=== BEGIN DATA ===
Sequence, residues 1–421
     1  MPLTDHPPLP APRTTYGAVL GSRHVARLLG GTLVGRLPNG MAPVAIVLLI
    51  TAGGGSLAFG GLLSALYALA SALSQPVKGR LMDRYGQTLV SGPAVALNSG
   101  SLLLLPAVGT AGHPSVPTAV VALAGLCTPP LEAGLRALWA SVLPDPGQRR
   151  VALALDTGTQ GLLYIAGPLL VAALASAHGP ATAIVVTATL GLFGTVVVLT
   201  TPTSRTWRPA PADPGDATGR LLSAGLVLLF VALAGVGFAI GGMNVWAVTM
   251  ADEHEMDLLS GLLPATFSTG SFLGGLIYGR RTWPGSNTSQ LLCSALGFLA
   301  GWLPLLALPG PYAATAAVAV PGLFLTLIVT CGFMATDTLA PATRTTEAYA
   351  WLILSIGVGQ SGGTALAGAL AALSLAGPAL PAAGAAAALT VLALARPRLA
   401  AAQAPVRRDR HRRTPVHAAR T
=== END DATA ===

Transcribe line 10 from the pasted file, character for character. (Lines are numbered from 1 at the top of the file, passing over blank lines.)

   401  AAQAPVRRDR HRRTPVHAAR T